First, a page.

Writer’s Workshop: Mr. Miner (a.k.a. Dave Calarco)

This month brings about exciting news elsewhere in the music blogosphere as our esteemed colleague and friend, Mr. Miner, of the wildly popular Mr. Miner’s Phish Thoughts blog embarks upon his first foray into the world of book publishing. His project, entitled Mr. Miner’s Phish Thoughts: An Anthology By a Fan for the Fans, includes a collection of writings spanning Phish’s comeback era, new essays on the band, full-color high-definition photography and a cover designed by popular poster artist AJ Masthay.

[Design by AJ Masthay]

To celebrate the execution of this grand scale vision, we invited Mr. Miner to share his thoughts and advice on writing as part of our long-running Writer’s Workshop segment. For fans planning to catch the Phish New Year’s Run in New York City, Mr. Miner will be hosting a book signing and both pre- and post-show parties on December 29th at the Irish Times, just a stones throw away from Madison Square Garden. Be sure to stop by, say hi, and check out the new book.

Hidden Track: Let’s start at the beginning. If I’m not mistaken, you started your music writing career on a more traditional route, writing reviews and conducting interviews with all different bands. What was the turning point when you decided you wanted to focus your efforts on a dedicated Phish blog?

Mr. Miner: Interestingly, I started writing about music back in 2000 when I moved to San Francisco and worked at JamBase.com. At the time I began writing about all types of music, but when Phish went to Japan that summer, Mr. Miner was born. My first time reviewing Phish shows, I wrote them for JamBase from overseas. When I got home, I received countless emails, from all sorts of fans that couldn’t make it to Japan, thanking me and telling me how they could really get a sense of what happened at the shows from my writing. It was pretty awesome feedback to hear, because I’d stay up all night with friends, exploring whatever city we were in, then when people crashed, I’d hit the hotel’s business center and crank out an article strictly from memory—and people really liked them! I continued to review the rest of the summer tour and into the fall, and about half way through the fall my laptop broke. I took it as a sign to just enjoy the final part of what could have been the last tour ever.

But after Phish retired in 2000, I got into education. I worked with elementary school kids first, and then decided to get a masters degree at USF and taught US History at a public charter school in San Francisco for five years. So I definitely took a break from writing. But after five years, I decided that teaching wasn’t my calling, so I quit to start writing again. Ironically, I stopped teaching in the Spring of ’08, and before I really had any real semblance of a writing career going, I learned Phish was coming back.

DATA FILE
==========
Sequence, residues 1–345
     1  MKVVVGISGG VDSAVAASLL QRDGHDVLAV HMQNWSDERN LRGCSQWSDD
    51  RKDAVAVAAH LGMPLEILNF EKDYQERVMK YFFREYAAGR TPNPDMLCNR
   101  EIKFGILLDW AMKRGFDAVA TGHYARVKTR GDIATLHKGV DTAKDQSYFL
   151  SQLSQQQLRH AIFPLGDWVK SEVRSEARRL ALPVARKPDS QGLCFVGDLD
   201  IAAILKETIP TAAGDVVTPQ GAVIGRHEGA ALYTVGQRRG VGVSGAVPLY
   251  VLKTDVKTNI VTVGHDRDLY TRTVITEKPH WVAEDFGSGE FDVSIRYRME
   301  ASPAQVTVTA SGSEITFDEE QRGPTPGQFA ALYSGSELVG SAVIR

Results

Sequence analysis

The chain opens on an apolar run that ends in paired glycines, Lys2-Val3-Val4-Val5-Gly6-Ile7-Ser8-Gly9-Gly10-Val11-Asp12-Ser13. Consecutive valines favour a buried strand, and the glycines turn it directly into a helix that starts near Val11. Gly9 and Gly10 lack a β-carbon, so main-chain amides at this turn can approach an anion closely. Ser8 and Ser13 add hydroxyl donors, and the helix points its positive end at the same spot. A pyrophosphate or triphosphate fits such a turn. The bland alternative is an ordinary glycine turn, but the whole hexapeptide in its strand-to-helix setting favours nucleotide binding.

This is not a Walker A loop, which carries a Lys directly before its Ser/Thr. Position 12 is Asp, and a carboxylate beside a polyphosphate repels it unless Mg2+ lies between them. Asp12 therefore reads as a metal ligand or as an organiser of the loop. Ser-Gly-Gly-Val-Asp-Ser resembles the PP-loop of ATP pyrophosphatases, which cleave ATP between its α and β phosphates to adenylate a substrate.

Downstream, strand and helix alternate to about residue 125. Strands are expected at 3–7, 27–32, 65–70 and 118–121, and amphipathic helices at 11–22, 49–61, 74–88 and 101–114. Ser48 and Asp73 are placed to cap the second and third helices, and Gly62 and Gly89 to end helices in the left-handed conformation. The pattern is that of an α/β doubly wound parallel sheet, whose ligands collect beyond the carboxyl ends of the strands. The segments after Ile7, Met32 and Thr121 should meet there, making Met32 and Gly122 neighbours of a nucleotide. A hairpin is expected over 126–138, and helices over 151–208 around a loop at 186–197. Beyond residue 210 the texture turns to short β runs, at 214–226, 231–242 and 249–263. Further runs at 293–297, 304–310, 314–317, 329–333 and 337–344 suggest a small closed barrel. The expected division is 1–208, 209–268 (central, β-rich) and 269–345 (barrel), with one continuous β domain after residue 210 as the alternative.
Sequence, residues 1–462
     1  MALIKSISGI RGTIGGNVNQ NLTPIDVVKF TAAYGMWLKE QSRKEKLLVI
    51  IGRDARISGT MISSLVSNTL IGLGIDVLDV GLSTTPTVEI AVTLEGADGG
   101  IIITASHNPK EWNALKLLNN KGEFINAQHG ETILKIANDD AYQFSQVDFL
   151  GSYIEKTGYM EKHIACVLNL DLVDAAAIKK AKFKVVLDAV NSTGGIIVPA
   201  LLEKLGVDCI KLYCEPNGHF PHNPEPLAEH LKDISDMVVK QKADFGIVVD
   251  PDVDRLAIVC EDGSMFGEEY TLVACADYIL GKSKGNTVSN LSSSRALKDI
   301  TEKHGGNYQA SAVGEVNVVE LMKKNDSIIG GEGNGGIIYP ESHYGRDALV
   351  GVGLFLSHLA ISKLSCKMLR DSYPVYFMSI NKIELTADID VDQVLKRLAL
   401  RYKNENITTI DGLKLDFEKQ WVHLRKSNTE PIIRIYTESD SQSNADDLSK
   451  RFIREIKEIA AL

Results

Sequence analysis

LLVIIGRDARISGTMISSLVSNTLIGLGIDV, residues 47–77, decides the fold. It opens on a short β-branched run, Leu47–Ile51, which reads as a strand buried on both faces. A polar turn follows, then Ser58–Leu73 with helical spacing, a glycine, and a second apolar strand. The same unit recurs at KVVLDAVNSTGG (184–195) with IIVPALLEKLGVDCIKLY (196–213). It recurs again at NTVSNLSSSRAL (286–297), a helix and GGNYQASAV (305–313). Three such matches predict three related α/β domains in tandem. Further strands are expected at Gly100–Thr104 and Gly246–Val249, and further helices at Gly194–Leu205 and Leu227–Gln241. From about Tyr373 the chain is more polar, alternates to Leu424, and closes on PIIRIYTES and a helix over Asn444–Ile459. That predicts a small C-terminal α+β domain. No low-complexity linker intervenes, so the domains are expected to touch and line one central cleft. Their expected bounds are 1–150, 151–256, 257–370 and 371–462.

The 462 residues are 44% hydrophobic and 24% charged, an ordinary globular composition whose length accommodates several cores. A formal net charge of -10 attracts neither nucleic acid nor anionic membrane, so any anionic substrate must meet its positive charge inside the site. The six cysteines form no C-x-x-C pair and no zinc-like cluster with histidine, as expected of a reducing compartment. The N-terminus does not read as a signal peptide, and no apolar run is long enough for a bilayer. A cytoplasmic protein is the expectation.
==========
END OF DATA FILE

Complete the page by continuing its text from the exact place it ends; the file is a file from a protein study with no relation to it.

When I got this news, I started my blog, Phish Thoughts, in the Summer of 2008. I got a lot of positive feedback on what I was doing—writing about the band’s past while anticipating the future. And once Hampton came around, the readership on the blog skyrocketed. So, in less than a year my Phish writing had garnered quite a readership—and it really resonated with people, which was something I hadn’t totally expected. It was during that time, between the announcement and Hampton, that I decided to exclusively write about Phish for the time being. It felt like something really positive was happening around my blog, and it was a passion I had to pursue. I wasn’t sure what would come of it at the time, but lo and behold, three years later I have a book.

But before the idea of a book even came about, a large factor that kept the blog cranking for me, was the fact that people were coming together and forming a legitimate community on my website. And once shows started in this era, those online relationships began to develop into real-life friendships. Everything seemed to be clicking and moving in the right direction, so I had to keep on the path. It felt like what I was supposed to be doing.

HT: What would you say has been your proudest piece on Mr. Miner’s Phish Thoughts to date?

MM: Wow. I’m not sure I can really even pick one out of the hundreds and hundreds of articles over the years. I think some of my favorite essays are the ones that cut to the essence of the Phish experience; those intangible aspects of seeing the band that are so elusive for the vocabulary. I collected the best of these pieces as the first section of essays in my book, after the introduction—“The Intangibles.” These are pieces that after reading, many people have told me—“Yes! That is exactly what I’ve been trying to explain to my friends (or wife) forever, but just never knew how. I could never think of the words!” To me, if I can even approach describing the magic of Phish with words so that others can share in that understanding, I think that’s pretty cool.

PAGE TWO = The Objectivity Balancing Act and Dealing with Criticism

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